haven't there been many proofs proposed?
Today I recieved an e-mail from my mathematics advisor (not sure how to call him). He is an expert in complex analysis.
You might be excited. But I am not. . It is a wonderful problem, I wish to solve it, not anybody else.I heard today that there will soon be an announcement of a proof of the Riemann Hypothesis!
It has connections to number theory but it is certainly not a number theory problem. "If the zeta function is analytically extended to then the (non-trivial) zeros have real part equal to 1/2". That is exactly what the hypothesis says. Look at the words: zeta function, analytic continuation, , real part. All of those are words from complex analysis, not from number theory.
yes. i know the theorem. just curious, what doors would it open if the theorem is actually proven? are there theorems in existence that are like "if the Riemann Hypothesis were true, then ..." like there were with the Takamuri conjecture? (i'm almost certain i spelt that wrong)
i have to read up on how Riemann came up with the hypothesis...
You mean Taniyama-Shimura conjecture (now called Taniyama-Shimura-Wiles theorem ). There is a lot of work on a concept introduced by Lejuenne Dirichlet called L-series. In fact, one of the millenium problems, the Birch-Swinnerton-Dyer conjecture is based a little bit on the Dirichlet L-series. The problem is some of the results are conjectural because they need the Riemann hypothesis, but I am no expert on this so I am not entirely sure.
How? All the history I know is that Riemann wrote a short paper "On the number of primes less than a given magnitude", one of his few he ever wrote, but he had to introduce his new zeta function. And then he investigated its zeros. If I remember, Riemann was able to solve for some of the zeros himself, those were found scrippled around in his notes somewhere (I cannot confirm the origin of this last sentence, it needs reference).i have to read up on how Riemann came up with the hypothesis...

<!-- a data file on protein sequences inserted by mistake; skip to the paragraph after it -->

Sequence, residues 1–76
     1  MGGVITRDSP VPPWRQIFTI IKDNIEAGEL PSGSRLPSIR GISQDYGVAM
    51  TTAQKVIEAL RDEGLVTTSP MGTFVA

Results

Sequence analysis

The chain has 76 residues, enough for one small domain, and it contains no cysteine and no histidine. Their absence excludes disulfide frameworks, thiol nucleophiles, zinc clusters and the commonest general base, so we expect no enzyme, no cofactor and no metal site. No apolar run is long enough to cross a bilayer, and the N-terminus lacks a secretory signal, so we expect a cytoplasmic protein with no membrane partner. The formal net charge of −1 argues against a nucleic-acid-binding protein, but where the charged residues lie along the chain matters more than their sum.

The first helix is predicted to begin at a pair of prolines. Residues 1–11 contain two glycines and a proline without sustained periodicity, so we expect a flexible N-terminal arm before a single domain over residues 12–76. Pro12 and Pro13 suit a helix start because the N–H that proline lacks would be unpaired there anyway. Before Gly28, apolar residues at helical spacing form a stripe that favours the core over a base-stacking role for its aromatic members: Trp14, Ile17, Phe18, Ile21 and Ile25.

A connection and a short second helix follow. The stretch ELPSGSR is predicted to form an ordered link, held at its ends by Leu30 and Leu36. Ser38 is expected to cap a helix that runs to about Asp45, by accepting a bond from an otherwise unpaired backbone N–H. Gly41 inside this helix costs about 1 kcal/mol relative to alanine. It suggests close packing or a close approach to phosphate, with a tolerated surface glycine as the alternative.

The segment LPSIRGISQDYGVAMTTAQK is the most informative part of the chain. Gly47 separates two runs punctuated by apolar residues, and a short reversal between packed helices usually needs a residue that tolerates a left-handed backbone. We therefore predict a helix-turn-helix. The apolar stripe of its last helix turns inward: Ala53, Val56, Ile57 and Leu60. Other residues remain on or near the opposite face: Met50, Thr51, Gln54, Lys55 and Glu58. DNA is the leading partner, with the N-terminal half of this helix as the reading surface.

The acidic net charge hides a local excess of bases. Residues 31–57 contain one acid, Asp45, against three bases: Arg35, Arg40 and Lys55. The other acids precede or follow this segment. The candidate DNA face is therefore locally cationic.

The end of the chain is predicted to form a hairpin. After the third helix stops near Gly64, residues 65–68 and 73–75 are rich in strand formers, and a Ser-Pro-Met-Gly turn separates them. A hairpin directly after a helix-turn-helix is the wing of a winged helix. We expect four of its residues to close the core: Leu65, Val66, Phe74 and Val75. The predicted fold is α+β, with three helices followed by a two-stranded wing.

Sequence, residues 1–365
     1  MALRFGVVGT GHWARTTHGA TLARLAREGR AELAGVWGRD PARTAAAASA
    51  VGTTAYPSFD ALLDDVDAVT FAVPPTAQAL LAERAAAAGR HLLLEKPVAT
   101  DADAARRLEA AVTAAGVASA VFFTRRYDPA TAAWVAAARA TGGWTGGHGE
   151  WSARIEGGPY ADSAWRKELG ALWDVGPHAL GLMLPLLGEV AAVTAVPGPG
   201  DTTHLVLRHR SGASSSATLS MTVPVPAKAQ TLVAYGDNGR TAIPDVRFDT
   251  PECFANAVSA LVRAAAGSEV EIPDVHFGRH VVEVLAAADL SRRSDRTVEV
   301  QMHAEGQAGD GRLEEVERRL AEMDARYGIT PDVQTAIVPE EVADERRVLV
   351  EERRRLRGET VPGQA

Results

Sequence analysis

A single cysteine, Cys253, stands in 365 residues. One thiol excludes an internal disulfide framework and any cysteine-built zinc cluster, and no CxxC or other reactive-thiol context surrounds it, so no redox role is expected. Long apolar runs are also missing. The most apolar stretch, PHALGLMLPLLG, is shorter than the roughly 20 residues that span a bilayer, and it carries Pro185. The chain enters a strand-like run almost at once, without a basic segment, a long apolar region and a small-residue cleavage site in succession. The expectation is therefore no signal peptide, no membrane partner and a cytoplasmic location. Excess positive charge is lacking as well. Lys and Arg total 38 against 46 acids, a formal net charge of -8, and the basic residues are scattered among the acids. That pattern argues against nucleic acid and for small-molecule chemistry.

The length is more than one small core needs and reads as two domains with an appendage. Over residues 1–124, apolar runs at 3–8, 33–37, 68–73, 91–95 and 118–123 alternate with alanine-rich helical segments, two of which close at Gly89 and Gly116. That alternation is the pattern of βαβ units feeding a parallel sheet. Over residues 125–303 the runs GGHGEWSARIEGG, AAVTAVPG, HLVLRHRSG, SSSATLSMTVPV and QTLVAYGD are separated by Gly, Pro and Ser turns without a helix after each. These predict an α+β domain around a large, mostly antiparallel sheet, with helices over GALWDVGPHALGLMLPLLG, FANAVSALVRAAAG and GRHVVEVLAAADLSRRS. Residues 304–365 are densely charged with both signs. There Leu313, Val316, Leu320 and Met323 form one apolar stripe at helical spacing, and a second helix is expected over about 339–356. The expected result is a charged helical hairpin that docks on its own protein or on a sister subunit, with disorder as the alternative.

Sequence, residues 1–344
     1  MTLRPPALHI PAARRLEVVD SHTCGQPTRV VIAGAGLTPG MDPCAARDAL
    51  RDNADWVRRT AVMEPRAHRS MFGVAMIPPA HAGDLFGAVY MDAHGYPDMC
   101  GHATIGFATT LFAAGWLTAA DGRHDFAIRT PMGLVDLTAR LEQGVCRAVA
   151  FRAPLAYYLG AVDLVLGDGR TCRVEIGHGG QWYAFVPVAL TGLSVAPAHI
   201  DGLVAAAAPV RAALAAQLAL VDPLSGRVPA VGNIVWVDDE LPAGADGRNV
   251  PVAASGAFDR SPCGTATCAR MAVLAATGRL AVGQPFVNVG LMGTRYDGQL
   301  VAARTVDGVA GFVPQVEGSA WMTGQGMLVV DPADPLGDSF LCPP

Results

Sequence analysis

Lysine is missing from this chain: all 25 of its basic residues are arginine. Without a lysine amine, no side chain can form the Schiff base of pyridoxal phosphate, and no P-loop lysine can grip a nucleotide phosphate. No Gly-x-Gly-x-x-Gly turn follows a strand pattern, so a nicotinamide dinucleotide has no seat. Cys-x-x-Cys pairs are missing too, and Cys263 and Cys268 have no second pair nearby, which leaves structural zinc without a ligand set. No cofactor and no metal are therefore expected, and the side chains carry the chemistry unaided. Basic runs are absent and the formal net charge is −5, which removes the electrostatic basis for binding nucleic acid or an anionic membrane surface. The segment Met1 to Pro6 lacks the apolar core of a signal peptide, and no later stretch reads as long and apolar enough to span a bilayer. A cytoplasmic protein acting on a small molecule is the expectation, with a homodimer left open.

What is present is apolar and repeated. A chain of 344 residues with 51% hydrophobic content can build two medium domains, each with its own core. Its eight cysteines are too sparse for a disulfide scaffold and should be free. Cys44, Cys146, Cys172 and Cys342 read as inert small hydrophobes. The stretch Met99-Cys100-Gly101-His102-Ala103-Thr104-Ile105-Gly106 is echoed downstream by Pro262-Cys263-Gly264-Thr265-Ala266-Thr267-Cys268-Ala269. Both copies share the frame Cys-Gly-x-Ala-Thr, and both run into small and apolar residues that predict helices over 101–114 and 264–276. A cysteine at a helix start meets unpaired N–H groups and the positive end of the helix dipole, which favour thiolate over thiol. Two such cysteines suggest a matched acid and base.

I do not know. I would guess that no. Because Ramanujan was not very knowledgable. And when I say knowledgable I do not mean he was stupid, I mean he did not know very advanced concepts in math. This is coming from Hardy, who was the advisor of Ramanajun, he explains that Ramanajun was unfamilar with many advanced concepts in complex analysis. Since the Riemann hypothesis is very complicated problem I assume Ramanajun could not understand it to the level that he could solve it. However, Hardy did a breakthrough work by proving there are infinitely many zeros on the critical line.
Just recently... de Branges from Purdue claimed he had a proof. But, of course, he was wrong and later apologized. Another statement of the hypothesis though, is this:
is the sum of the positive divisors of n.
is the nth harmonic number.
It's an elementary equivalent to the Riemann Hypothesis.
I don't know nearly enough math to begin solving it, but I am quite fascinated by the problem.